Kena Betancur | AFP | Getty Images
Pedestrians walk past the Time Warner Center in New York on October 23, 2016.
There are three important points to make about the complaint that the Justice Department has filed under Section 7 of the Clayton Act to block the AT&T/Time Warner merger: (1) The main theory of the case is relatively straightforward and plausible. (2) Bringing this case into court for litigation may be unusual but is not surprising; and (3) The concern about political influence in making this decision is an unfortunate cost of candidate and President Trump's disregard for the institutions of justice.
(1) The theory of the case: According to the complaint, Time Warner commands a high price for Turner's very popular networks (TNT, TBS, CNN, and the Cartoon Network). AT&T owns Direct TV, a satellite service, that competes with cable and fiber optic systems in various geographic markets all around the country. The merger will allow AT&T/Time Warner to negotiate for even higher prices for Turner content than Time Warner could before the merger because the merged firm can credibly commit to walking away from a deal if, say, cable company A balks at the price.
Why would it be credible to give up the licensing revenue from company A now, when it wasn't credible before? The theory is that if the merged firm did stop providing Turner programs to company A, the merged firm could convince some of A's customers, who will no longer get Turner networks, to switch to DirectTV, which would be carrying Turner, and that the gain from those switches would be large enough to make the threat to walk away from the table credible.
What's bad about that behavior? The complaint alleges that company A would give in to the threat, pay AT&T/Time Warner more money for Turner programming, and pass those higher costs (or at least most of them) along to its customers. This means that consumers would be injured. Even if that didn't happen, these competitors of DirectTV would be less able to compete with the merged company because their costs would be higher than DirectTV's. This, too, would be anticompetitive.
Are there possible problems with the government's theories? Of course. A major question is how plausible its economists' estimates are on key parts of its theory: how many of company A's customers would drop their cable subscription without Turner's networks, how many would switch to DirectTV (rather than just cutting the cord), and how profitable would the new customers be.
And would the gain in DirectTV's profits be greater than the loss in licensing revenue that AT&T would suffer if it walked away from the bargaining table without a deal. After all, a credible threat must be a profitable threat. Finally, there is the question whether the price increases that cable companies will end up paying will really amount to "hundreds of millions of dollars," as the government alleges, and how much of that will be passed on to consumers.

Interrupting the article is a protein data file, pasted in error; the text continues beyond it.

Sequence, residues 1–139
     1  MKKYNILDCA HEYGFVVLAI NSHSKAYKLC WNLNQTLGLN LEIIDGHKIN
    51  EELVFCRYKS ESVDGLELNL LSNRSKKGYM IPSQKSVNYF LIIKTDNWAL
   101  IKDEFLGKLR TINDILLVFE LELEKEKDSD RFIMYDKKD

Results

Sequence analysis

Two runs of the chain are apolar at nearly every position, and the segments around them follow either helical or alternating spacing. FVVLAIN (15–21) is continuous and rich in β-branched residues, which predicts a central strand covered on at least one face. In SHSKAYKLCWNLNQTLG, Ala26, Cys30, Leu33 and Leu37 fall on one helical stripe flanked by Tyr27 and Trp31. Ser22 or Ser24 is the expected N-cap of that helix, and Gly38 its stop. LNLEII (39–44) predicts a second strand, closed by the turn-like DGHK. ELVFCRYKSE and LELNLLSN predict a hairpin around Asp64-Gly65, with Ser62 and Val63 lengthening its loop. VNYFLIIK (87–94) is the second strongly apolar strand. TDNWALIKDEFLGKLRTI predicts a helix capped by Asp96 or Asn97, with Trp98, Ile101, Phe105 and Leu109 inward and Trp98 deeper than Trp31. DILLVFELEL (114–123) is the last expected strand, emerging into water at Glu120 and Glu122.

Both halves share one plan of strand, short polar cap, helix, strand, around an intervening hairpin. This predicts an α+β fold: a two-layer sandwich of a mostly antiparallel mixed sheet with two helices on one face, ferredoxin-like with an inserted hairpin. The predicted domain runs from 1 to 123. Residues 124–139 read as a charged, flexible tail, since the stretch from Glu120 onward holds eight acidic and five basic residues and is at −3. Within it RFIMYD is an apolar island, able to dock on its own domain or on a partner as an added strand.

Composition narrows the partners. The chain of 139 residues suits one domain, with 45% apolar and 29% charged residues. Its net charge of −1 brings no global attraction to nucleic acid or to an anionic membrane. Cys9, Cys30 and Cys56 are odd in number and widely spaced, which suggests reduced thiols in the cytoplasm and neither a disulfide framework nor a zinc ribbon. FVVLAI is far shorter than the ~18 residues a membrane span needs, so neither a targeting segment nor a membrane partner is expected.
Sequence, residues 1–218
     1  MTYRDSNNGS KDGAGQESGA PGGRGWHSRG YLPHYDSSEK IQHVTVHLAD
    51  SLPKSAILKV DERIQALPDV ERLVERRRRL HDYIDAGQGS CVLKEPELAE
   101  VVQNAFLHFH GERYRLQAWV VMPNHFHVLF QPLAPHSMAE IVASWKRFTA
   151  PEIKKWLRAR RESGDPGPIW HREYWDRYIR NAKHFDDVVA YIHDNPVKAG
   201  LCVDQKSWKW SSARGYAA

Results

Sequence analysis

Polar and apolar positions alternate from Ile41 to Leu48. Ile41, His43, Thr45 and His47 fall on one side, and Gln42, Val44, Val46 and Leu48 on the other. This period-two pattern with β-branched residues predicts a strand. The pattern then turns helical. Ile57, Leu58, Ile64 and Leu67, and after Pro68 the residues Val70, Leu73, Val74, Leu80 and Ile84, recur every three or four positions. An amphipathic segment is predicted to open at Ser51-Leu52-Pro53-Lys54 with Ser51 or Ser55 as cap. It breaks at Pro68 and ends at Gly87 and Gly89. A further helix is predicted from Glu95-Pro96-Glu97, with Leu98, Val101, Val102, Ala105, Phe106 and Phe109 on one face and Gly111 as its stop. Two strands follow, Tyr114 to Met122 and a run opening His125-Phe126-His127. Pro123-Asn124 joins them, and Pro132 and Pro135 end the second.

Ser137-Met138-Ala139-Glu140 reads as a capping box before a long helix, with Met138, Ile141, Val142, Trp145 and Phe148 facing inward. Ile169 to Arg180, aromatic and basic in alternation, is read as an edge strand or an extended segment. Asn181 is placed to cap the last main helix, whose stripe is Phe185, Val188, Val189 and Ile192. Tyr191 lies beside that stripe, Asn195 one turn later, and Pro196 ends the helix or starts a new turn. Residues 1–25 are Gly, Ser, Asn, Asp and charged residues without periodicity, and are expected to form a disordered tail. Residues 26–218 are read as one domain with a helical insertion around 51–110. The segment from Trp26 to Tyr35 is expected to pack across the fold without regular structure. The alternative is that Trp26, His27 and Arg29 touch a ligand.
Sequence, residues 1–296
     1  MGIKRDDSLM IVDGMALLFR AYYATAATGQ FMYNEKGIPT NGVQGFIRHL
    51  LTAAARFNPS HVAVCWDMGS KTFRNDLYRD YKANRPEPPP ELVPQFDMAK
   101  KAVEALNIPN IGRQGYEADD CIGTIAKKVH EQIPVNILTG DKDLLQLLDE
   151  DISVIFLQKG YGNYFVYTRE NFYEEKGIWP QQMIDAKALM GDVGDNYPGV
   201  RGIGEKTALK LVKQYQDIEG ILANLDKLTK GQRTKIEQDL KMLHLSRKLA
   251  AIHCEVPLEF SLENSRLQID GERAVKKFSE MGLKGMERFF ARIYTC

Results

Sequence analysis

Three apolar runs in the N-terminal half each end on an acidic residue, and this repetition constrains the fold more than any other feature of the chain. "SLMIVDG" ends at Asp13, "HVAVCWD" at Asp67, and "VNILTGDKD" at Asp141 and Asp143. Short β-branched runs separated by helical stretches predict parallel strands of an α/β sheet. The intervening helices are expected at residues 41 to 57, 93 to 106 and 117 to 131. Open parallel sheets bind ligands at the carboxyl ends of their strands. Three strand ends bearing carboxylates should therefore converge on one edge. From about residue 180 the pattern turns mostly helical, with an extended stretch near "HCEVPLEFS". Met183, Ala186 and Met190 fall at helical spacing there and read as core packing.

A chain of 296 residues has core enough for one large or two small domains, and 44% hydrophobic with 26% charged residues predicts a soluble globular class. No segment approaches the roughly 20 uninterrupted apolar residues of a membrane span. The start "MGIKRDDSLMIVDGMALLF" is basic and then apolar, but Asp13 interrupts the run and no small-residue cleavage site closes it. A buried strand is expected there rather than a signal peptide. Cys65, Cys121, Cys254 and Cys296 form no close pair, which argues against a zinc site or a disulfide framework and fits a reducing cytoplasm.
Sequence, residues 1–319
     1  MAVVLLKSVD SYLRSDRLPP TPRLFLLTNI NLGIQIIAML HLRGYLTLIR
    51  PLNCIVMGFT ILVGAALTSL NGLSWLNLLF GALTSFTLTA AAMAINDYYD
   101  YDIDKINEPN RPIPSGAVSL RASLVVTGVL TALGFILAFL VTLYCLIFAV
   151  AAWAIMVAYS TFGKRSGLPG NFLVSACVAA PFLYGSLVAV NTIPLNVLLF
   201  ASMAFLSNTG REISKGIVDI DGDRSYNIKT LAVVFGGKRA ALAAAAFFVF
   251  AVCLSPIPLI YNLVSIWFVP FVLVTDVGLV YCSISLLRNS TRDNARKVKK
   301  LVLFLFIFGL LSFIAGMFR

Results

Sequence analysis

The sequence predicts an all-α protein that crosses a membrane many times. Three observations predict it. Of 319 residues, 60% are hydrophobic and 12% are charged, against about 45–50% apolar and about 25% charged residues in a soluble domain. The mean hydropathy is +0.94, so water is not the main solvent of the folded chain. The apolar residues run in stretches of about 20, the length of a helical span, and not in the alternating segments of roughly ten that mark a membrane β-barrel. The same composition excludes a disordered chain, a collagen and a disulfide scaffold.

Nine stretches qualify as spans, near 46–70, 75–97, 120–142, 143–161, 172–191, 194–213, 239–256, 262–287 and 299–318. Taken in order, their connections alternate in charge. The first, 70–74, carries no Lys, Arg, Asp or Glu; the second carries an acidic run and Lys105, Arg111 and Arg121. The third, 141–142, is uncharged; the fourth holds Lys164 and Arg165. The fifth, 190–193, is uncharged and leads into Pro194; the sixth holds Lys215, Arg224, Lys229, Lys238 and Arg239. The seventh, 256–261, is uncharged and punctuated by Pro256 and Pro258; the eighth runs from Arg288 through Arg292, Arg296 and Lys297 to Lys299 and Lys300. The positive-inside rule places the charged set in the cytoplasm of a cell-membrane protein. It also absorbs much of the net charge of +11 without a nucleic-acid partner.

But if the government can prove its allegations, then it will have met the standard required in the Clayton Act: proof that the merger's effect "may be substantially to lessen competition."
(2) How unusual is this case? Vertical mergers have been subject to the Clayton Act since it was passed in 1914, but the first such case wasn't brought until 1949, involving DuPont's acquisition of GM stock. There was a fair amount of litigation against vertical mergers in the 1960s and 1970s, by the government and by private parties, but litigation declined sharply in 1980s.
More recently, enforcement against vertical mergers has returned, but there has been no litigation in court. Cases have been settled with consent decrees, decrees that many criticized as too weak. So it is not really surprising to see this case being brought. What is more surprising is that the government was unwilling to take a weak settlement, for example, a promise by AT&T not to engage in such negotiating tactics, a promise which would have been difficult to enforce.
(3) The politics of this case have been unfortunate. Political values are important in antitrust, but political pressure on government enforcers undercuts their ability to make professional judgments about enforcement policy. Had this exact case been brought by a Clinton Administration, commentators would have been applauding antitrust enforcers for finally getting serious about vertical mergers and "just saying no."
Instead, because of candidate Trump's remarks last October that the merger is "a deal we will not approve in my administration," coupled with his hostility toward Turner-owned CNN, we look at the government enforcers with suspicion. Perhaps that suspicion is warranted, perhaps not. But we are now seeing the cost we pay when our institutions of justice are undermined at the highest levels.
Commentary by Harry First, the Charles L. Denison Professor of Law at New York University School of Law and Co-Director of the law school's Competition, Innovation, and Information Law Program.
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